A flat rotation curve in the inner Galaxy would point to a completely different annihilation region, kinematically distinct from the disk. Dispersion of the annihilation sites may dominate over rotation in the 511 keV bulge, maybe suggesting a link to the galactic halo. RR Lyrae stars, for example, which are commonly found in globular clusters (e.g. Clement et al. 2001; Clementini et al. 2001) and in the galactic centre (Baade 1946) show a flat velocity profile in the inner ± 5° of Milky Way, suggesting them to originate from an inner-halo sample (Kunder et al. 2016). If positrons annihilate in or close to their sources (e.g. in clumpy/dusty ejecta; Zhang et al. 2014; Jeffers et al. 2012), another galactic-wide positron production and annihilation scenario connected to the old stellar population may be considered. Crocker et al. (2017) discussed the merger of a pure He with a CO white dwarf to be the progenitor channel of peculiar SN1991bg-like supernovae (Pakmor et al. 2013; Dan et al. 2015) in which major amounts of β+ -unstable 44Ti are produced (Perets et al. 2010; Waldman et al. 2011). Alternatively, a signal without kinematics with respect to the solar system could also be interpreted as an annihilation site nearby, with a source feeding it steadily. The Doppler-broadening of any such scenario would be small, ≲ 0.25 keV.

Additional trends in spectral appearance of the 511 keV line along galactic longitudes could furthermore reveal distinct kinematic structures and separate annihilation regions. Consistent annihilation flux, line width, and line centroid variations may point to known large-scale components of the Milky Way, such as the galactic bar (e.g. Wegg & Gerhard 2013; Ellis & Bland-Hawthorn 2018), or rather local features such as the local bubble (e.g. Lallement et al. 2014). We note that even if positrons are already thermalised and avoided forming Ps, they undergo elastic scattering (Gryziński 1965), which can potentially broaden the 511 keV line in addition.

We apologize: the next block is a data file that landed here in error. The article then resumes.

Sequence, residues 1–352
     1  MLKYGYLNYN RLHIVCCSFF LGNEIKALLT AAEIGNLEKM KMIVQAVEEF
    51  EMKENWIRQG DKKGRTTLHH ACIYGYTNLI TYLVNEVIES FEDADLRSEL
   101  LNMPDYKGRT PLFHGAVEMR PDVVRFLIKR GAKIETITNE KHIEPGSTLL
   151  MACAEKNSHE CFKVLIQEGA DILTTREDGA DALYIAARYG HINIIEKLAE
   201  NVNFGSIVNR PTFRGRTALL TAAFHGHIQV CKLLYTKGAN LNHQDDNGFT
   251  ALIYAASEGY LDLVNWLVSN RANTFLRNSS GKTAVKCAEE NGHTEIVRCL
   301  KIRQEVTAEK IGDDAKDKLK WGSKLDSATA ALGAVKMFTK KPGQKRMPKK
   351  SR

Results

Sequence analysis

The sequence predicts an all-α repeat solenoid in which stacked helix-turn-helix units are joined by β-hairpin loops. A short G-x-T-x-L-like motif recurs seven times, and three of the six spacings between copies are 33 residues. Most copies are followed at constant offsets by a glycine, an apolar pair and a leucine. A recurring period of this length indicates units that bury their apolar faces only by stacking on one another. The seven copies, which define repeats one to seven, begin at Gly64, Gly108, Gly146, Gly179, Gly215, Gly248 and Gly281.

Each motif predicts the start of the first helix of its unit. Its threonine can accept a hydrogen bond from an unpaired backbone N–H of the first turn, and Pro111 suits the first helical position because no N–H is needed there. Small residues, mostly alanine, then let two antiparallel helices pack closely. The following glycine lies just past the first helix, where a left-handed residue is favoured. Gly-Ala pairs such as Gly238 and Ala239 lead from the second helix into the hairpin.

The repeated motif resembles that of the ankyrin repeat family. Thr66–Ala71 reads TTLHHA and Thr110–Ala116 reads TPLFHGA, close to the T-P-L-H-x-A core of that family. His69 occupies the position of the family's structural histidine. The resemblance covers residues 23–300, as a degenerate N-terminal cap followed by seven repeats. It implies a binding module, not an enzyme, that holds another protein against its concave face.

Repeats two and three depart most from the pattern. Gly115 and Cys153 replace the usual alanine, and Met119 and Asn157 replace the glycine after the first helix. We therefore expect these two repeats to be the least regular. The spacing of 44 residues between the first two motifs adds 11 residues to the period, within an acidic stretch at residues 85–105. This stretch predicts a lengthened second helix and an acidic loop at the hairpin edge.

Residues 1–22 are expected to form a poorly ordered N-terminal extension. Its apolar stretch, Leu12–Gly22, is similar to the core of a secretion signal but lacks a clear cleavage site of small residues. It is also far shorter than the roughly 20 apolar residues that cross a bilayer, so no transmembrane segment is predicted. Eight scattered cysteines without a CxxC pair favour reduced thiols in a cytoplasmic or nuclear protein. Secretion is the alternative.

By investigating the spectral characteristics, especially the kinematics, of the 511 keV line in different regions of the Galaxy, we want to shed light on the link between positron sources, their propagation, and their final annihilation. We exploit the spatial and spectralresolution of SPI to measure the kinematics as a function of longitude. With such a study, the conditions of annihilation during propagation can be approached from a different perspective and could thus provide independent insights about this long-lasting “positron puzzle”. Our SPI measurements combine many lines-of-sight, and the resulting velocity measurements reflect the radial velocity of the Milky Way, weighted by the three-dimensional 511 keV photon density distribution.

This paper is structured as follows: In Sect. 2, the general data analysis methods for the SPI coded-mask telescope are presented (Sect. 2.1), and how kinematic information from positron annihilation spectra are extracted (Sects. 2.2 and 2.3). The results, that is the spectral parameters as a function of longitude, are presented in Sect. 3. We discuss the 511 keV kinematics and their implications to annihilation conditions in Sect. 4.1, and provide a summary in Sect. 4.2.

2 Data analysis

2.1 Data and general method

We use the INTEGRAL/SPI data set from Siegert et al. (2016), in which the large-scale diffuse annihilation emission was investigated. This comprises 73 590 pointings, targeting predominantly the bulge and the disk of the Milky Way, for a total exposure of 189 Ms. This exposure is reduced to 160 Ms due to failures and processing time of the detectors (“dead time”). In total, the number of spectra in the data set is 1 214 799, taking into account dead detectors.